Chinese sweet dessert soups - why the hate? Tong sui is complex, delicious and not too sweet after all
- Sweet soup is a foreign concept to non-Asian audiences, and this often leaves Chinese dessert soups, from red bean to black sesame, underappreciated
- Chinese culture favours desserts that aren’t that sweet, and tong sui’s lack of sugar allows the natural flavours of this traditional treat to shine
I was at a dinner party recently, and I felt the urge to defend a soup.
“Hong Kong people love it when desserts are not too sweet, but then why are Chinese desserts so, so sweet?” pondered a guest. They were referring specifically to sweet soups (literally, this is what they are called in Cantonese – tong being sugar and sui water), such as red bean, sesame and nut-based desserts.
Instead of launching a counterattack, I, in a fit of panic, demurred. But reflecting on this later, I was intrigued by the marked difference in our perception of sweetness. After all, the ultimate praise for “teem bun” (sweet items) among my fellow Chinese eaters is when it’s not that sweet at all, a culinary trope that has found its way into the mainstream.
I grew up relishing the light citrusy notes of aged mandarin peel in a velveteen red bean soup, and the clean, earthy notes of its less attractive cousin, green bean soup – which has the unfortunate shade and consistency of gruel.
I shy away from teeth-achingly sweet desserts, and have no particular affinity for the chocolate and gooey caramel of European cakes and pastries; nor is there enough bitter matcha in this world to cleanse the sugariness of Japanese wagashi from my palate.
When it comes to tong sui, however, there has never been a situation at the end of a Chinese meal where I’d decline the offer of this delicious freebie, or skip out on a suggestion to head to the nearest Cantonese sweet soup shack for a postprandial bowl (preferably with a few black sesame rice dumplings floating in it).
Unlike the universal love shown for saccharine Chinese specimens such as oozy custard bao and sugar-topped pineapple buns, there seems to be a deep underappreciation for Cantonese sweet soups, and desserts as a whole.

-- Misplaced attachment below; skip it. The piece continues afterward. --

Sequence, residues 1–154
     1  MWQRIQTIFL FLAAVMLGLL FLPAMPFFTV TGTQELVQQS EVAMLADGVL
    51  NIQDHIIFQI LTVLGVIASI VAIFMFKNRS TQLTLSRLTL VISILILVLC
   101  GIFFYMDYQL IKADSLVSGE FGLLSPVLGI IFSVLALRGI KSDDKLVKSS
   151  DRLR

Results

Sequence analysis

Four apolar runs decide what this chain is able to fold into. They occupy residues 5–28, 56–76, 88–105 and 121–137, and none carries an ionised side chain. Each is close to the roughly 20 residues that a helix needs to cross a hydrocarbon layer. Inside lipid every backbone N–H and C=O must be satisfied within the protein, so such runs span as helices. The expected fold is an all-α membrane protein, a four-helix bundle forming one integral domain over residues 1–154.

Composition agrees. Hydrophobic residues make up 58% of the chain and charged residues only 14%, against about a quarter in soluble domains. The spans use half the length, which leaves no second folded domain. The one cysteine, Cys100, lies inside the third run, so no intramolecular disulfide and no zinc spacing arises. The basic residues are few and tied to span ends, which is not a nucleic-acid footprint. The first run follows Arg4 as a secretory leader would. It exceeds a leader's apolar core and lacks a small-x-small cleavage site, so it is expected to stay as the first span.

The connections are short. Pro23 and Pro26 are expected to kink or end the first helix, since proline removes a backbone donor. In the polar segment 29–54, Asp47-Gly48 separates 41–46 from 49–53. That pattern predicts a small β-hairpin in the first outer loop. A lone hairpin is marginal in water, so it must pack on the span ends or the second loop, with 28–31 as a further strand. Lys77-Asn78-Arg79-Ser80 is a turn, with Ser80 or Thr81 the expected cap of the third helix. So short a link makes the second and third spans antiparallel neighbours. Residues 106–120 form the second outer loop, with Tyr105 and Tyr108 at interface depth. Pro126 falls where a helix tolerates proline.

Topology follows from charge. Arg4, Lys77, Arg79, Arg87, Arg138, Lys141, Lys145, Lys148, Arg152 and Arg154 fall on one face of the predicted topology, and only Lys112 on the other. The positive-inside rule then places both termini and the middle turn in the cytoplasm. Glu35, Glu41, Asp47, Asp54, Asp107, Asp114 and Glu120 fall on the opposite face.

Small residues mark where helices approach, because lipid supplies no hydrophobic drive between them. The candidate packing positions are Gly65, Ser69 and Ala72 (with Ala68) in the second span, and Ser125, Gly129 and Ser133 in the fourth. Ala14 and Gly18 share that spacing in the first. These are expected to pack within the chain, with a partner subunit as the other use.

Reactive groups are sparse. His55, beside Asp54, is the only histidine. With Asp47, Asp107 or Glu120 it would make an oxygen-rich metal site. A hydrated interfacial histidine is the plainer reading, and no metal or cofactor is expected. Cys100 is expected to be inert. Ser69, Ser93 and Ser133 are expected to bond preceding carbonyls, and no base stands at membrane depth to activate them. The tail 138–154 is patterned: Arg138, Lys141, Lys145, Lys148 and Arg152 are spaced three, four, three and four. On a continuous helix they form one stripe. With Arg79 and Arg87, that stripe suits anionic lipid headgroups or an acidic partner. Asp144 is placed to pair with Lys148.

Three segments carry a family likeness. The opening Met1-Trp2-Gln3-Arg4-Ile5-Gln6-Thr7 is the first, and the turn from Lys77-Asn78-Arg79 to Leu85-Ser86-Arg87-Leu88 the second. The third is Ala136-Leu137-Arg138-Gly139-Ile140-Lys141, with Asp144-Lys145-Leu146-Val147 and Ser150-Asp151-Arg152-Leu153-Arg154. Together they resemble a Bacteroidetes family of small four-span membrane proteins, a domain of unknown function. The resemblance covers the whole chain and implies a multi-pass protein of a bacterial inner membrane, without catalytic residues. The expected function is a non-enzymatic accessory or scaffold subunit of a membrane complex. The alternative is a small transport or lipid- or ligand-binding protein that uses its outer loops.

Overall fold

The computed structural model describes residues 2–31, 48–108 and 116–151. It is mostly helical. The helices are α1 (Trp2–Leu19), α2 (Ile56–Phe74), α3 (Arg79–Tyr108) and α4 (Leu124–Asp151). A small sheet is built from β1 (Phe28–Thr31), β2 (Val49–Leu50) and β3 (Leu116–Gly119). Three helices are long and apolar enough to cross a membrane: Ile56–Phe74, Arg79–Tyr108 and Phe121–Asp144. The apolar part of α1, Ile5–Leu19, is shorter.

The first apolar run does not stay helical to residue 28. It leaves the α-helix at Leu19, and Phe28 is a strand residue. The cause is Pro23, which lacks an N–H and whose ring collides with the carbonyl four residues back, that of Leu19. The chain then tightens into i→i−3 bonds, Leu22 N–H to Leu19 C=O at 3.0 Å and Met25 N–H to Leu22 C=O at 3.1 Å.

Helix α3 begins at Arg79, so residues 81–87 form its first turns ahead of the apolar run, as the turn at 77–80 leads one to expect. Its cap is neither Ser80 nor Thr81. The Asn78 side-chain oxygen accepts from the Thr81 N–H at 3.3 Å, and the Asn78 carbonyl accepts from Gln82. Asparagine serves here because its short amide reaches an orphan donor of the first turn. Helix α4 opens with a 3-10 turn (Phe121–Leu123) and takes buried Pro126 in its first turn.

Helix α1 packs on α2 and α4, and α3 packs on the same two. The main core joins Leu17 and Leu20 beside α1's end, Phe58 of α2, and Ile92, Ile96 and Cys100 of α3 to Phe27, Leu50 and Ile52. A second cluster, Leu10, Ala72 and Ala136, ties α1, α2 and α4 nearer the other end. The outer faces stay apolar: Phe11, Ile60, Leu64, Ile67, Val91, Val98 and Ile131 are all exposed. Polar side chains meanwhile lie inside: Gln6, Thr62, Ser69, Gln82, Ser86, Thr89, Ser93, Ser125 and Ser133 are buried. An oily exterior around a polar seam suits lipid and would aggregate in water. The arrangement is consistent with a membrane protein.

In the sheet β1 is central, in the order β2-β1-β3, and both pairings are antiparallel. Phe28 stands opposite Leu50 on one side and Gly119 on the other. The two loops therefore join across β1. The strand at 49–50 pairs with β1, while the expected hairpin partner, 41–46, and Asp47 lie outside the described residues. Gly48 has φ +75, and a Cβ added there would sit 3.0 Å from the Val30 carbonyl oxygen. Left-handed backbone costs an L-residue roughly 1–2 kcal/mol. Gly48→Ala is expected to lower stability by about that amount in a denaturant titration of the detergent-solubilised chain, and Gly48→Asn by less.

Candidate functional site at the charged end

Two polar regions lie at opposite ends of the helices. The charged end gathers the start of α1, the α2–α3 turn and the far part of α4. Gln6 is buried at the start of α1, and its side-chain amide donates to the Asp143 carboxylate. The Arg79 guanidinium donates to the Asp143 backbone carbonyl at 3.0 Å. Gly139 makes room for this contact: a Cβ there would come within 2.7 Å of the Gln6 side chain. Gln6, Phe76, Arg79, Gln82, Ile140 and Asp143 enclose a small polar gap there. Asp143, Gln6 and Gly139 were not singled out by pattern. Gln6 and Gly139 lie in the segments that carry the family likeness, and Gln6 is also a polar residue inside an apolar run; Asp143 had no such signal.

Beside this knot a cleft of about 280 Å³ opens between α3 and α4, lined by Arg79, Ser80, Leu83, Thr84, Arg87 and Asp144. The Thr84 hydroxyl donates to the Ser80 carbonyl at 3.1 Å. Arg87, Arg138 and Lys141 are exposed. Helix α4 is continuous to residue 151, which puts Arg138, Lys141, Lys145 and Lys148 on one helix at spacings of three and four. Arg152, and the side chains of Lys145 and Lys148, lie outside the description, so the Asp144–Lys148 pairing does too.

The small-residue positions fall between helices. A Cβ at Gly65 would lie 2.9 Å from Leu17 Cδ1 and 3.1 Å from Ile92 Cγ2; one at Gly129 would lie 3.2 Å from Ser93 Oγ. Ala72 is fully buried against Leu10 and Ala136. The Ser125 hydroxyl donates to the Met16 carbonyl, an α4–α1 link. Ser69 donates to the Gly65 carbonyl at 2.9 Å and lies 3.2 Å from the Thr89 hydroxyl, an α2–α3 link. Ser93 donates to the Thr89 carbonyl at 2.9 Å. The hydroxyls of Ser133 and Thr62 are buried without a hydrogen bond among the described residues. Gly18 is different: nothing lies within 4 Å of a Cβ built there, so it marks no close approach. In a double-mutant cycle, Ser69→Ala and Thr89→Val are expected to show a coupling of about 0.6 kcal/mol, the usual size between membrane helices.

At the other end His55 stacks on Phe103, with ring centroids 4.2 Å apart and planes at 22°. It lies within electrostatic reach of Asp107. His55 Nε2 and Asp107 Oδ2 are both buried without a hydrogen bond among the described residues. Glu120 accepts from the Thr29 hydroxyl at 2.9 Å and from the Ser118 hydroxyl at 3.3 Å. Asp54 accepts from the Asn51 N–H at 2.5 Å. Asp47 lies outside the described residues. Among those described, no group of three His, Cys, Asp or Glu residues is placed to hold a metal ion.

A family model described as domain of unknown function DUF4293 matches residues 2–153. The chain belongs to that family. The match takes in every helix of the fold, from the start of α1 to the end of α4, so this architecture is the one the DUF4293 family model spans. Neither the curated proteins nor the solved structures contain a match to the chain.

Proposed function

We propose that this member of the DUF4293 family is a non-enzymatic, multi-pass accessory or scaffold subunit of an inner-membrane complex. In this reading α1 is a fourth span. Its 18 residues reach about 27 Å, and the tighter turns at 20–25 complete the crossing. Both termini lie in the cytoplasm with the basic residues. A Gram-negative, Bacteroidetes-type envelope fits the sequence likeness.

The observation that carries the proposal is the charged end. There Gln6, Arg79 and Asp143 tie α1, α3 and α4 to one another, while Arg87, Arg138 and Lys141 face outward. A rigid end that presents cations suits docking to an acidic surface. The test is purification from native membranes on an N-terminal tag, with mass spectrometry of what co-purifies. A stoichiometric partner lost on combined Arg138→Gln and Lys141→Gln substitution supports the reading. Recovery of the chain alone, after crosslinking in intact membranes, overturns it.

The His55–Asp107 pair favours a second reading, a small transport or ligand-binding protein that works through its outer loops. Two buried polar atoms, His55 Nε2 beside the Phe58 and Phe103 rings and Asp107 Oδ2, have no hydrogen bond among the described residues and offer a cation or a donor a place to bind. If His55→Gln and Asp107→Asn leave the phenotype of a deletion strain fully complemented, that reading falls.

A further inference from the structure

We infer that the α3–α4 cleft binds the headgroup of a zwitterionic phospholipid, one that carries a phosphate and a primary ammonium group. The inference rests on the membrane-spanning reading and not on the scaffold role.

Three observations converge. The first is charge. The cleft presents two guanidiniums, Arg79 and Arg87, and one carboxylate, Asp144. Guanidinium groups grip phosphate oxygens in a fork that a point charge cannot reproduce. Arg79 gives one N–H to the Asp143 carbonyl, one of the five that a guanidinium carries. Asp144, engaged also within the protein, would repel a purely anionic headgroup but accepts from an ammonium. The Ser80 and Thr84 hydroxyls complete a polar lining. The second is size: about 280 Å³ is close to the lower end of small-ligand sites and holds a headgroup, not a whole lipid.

One person who understands this is Chinese-Australian Hetty McKinnon, whose 2020 cookbook, To Asia, With Love, includes a chapter titled “Not Too Sweet”, which offers complex, lightly sugary desserts ranging from mango and pomelo cold soup to tofu ice cream.
“In the West, ‘not too sweet’ is definitely an unfamiliar concept when it comes to desserts,” she says. “Eurocentric desserts tend to be rooted in sugar, or layers of sweetness.
“The idea of desserts having less sugar has definitely been a slow burn among non-Asian audiences, particularly tong sui, because the idea of a ‘dessert soup’ is so far from Western ideals of desserts, which are more often baked, or pudding-like.”
McKinnon’s favourite soup is black sesame, another superlative invention where the toasted seeds are ground with rice to create a smooth, molten elixir.
“To me, it has everything I am looking for in a dish, not only in a dessert. It has layers of flavour: it’s nutty, creamy and earthy,” she says. “The fact that it is not too sweet is important because the natural flavours of the black sesame seeds are not drowned out by the sugar.”
Her mother erred towards more bitter notes when it came to desserts, too, McKinnon says, preferring and often making black grass jelly served with “a caramelly rock sugar syrup”.
Desserts like these have always had a pragmatic presentation, often served unceremoniously in bowls that are slicked on the sides with a bit of soup overflow. But while I don’t see the need for these humble soups to take any other form, I appreciate recent efforts to raise their profile.
Amai No Dessert is a newly opened Chinese dessert shop in Tsim Sha Tsui that has made a fine art of presenting classic tong sui such as peanut, cashew and walnut sweet soup, or longan and water chestnut soup, in stylish yet instantly recognisable bowls.
It’s the founders’ way of ensuring that traditional desserts stay in the present, amid the torrent of souffle pancakes, doughnuts and Basque burnt cheesecakes. “As we are seeing a phenomenon that people are less into sugar than previous years, the number of traditional Chinese dessert shops has become fewer and fewer,” says Emily Law Yuet-lim, who is in charge of marketing for Amai No Dessert.
Despite the youthful, pastel tones of the brand’s Instagram page, this isn’t a shop opened by millennials – the founders and the chefs, who prefer to stay low-key, are all from an older generation, Law tells us. “One of our stakeholders is a huge fan of Chinese desserts and he wants to continue the culture,” she says.
Amai No Dessert shares not only soothingly aesthetic shots of its desserts, which highlight their simplicity and beauty, but also little snippets of history and health benefits to make diners appreciate the origins of each bowl.
In a caption for mango and pomelo sago sweet soup, followers are reminded that this common dessert originated in the 1980s; during a spell of rainy weather, it posted about its sweet potato and ginger syrup soup, which is meant to help reset the imbalance in the body caused by it.
Surely there can be no more than a few cultures that justify desserts by referring to their nutritional benefits and nourishing qualities? Bring me another tureen of red bean soup, won’t you?